Consumers have enthusiastically embraced the sharing economy, booking car rides through Uber and accommodation through Airbnb, and the trend is now spreading to the business-to-business sector.
With a family background in the construction sector, Colin Evran knew how costly it was to have expensive heavy machinery such as excavators and bulldozers sitting idle between jobs.
“My dad’s been a constructor for 40 years, and it’s certainly an issue he’s suffered with,” he says.
So Evran set out to solve the problem with his San Francisco-based start-up Yard Club, which helps construction companies rent out heavy equipment to other contractors when they’re not using it.
“I was doing my MBA at Stanford University and at the time the sharing economy was taking a foothold in a few consumer-focussed industries and I thought it would be a cool experiment to test that out in the B2B world – businesses getting better utilization of their own assets by sharing with other businesses,” he says.
Founded in 2013, Yard Club earlier this year received strategic financing from US-equipment giant Caterpillar to help customers maximise the use and productivity of their owned equipment.
The company is part of a growing trend as the sharing economy expands beyond consumer sharing to business sharing, particularly in the US.
“People are looking at the consumer models and realising there isn’t any reason they can’t be applied in businesses,” says US-based B2B technology consultant Bob Solomon of Software Platform Consulting.
Examples of B2B sharing companies include:
- Floow2 – based in the Netherlands, Floow2 allows companies to share capital assets and personnel, anything from a combine harvester, a blood pressure monitor or courses on online marketing.
- Storefront – like Airbnb for retailers, Storefront allows shop owners who have excess space to rent it out to other retailers. The US company mostly facilitates short-term rentals for “pop up” shops.
- Cargomatic – this site aims to help companies better manage their supply chain by connecting them with trucks that have spare capacity on local routes.
Both sides benefit from these transactions in a similar way that consumers do.
Those companies that are renting out their spare equipment, space or people earn income from assets that would otherwise be lying idle.
The companies that do the renting get access to assets they might not otherwise be able to afford or only need for a small amount of time. Renting equipment also lets them scale up during busy periods and scale back down when the work flow reduces again.
Along with the potential to save money or to earn extra income, environmental factors are also driving the B2B sharing trend – think of the waste of resources involved in an empty truck returning from a delivery.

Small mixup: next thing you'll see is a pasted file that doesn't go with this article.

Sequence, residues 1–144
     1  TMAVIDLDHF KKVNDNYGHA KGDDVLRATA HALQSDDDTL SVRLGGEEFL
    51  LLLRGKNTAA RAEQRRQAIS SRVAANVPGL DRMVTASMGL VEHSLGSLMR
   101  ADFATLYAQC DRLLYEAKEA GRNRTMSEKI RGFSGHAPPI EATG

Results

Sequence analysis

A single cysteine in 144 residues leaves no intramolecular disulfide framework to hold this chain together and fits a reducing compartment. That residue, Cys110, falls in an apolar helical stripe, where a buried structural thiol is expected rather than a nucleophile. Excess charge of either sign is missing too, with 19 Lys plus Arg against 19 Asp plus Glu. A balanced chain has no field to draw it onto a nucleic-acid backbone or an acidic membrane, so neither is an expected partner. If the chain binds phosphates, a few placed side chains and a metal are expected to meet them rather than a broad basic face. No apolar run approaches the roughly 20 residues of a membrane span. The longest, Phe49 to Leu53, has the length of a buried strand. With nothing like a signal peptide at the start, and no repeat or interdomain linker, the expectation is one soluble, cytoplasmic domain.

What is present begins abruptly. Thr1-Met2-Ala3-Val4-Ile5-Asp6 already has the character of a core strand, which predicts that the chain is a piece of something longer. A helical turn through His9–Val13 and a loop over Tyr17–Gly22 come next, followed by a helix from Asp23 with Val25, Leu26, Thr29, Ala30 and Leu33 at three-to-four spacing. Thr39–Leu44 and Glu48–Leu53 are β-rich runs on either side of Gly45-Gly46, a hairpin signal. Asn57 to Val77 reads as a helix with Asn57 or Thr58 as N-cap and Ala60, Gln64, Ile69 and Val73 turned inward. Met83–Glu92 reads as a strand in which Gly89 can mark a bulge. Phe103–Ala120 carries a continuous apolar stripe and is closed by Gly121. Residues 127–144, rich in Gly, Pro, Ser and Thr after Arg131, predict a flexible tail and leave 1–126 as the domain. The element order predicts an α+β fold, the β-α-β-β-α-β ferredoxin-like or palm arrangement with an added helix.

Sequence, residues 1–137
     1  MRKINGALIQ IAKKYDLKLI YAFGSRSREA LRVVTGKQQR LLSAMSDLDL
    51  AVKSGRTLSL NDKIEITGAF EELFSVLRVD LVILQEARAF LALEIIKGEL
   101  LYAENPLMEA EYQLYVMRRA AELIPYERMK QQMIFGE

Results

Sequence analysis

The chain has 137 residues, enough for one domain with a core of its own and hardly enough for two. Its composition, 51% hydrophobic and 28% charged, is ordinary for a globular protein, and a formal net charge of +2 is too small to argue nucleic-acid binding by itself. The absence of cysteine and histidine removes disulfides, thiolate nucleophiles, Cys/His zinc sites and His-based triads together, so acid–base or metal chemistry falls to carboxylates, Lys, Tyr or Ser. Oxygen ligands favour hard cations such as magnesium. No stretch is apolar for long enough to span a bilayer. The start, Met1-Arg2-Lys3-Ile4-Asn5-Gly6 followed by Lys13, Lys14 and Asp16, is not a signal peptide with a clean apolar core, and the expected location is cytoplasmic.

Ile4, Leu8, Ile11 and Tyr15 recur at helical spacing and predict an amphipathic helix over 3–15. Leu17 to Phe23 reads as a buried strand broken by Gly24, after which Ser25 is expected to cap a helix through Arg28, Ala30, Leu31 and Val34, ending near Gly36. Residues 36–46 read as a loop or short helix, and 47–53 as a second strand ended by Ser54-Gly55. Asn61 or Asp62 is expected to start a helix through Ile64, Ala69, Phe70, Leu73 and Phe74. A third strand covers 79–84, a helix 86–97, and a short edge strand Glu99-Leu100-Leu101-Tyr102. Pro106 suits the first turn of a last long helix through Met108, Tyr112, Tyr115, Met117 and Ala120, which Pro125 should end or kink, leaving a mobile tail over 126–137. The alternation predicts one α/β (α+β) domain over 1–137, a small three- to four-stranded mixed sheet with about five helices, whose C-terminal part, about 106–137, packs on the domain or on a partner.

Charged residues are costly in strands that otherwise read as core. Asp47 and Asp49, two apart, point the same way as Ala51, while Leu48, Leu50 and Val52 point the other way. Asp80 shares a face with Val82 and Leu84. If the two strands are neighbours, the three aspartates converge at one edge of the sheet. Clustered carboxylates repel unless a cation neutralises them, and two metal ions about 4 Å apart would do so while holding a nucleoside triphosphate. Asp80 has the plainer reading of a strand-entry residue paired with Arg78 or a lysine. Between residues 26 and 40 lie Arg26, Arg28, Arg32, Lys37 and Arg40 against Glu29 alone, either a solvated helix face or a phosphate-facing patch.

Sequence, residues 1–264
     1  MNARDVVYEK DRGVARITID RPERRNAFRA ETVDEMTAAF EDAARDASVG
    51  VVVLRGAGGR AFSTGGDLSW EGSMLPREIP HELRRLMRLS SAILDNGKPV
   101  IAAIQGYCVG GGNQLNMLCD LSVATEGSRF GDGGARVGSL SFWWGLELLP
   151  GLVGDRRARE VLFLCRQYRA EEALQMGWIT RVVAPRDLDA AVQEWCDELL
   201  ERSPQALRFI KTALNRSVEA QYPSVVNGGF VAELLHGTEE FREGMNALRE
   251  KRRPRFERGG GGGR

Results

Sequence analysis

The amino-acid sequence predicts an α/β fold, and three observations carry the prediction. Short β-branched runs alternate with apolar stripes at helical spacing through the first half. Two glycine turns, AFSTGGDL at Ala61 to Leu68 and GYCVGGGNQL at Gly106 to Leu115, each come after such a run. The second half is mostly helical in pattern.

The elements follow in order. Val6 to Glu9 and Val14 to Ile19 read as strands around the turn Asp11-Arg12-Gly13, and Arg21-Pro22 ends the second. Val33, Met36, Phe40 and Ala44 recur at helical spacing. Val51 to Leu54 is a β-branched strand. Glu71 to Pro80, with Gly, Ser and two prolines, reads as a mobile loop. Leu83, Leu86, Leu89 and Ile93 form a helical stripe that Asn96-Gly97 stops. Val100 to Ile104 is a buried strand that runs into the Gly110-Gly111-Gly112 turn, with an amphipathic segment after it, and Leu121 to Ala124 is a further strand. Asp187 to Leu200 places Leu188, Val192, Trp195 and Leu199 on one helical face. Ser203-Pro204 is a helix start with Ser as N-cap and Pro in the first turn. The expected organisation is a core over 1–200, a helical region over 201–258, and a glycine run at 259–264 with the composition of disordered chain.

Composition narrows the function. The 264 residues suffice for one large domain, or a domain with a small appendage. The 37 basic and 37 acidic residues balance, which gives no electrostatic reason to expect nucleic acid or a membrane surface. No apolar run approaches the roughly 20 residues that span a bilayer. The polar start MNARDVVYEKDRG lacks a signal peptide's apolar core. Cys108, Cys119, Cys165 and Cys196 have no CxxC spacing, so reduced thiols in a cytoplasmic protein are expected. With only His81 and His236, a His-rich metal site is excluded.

B2B sharing set to surge
The sharing economy is forecast to grow rapidly and there’s no reason to assume the B2B segment won’t be part of that trend. PwC estimates the total sharing economy earned revenues of just US$15 billion in 2015, but will be worth US$355 billion by 2025, putting it on par with the traditional rental sector.
B2B sharing is mostly confined to smaller businesses currently, because they don’t have the layers of management and procedures that can make B2B sharing difficult, such as approvals, legal and safety requirements.
“When you’re a consumer you don’t have to worry about IT, you tend not to worry as much about insurance, you tend not to worry as much about your accounting system,” says Solomon. “If a business wants to share with another business there’s a certain amount of information that the buying company is going to want to have on that supplier – it’s a higher threshold.”
This was a key consideration for Yard Club’s Colin Evran.
“The bar for professionalism is a little bit higher in B2B – businesses have certain internal policies,” he says. “So we make sure insurance policies are really buttoned up, formal contracts are on file, that ratings are really reflective of what the condition of the equipment and the marketplace is showing stuff that is accurate.”
Where in B2C sharing the same person making the purchase is also approving it and paying for it via credit card, the needs of businesses are more complicated. “With businesses you have accounts payable departments, so we had to build in some incremental levels like review of the invoices,” Evran says.
Evran employs a baseball metaphor to explain the potential for the sharing economy. “I think we’re in the first out of the first inning on how the sharing economy is going to impact B2B,” he says. “We’ve already had inquiries from a whole host of industries who say they suffer from the same utilisation problems as the construction industry.”
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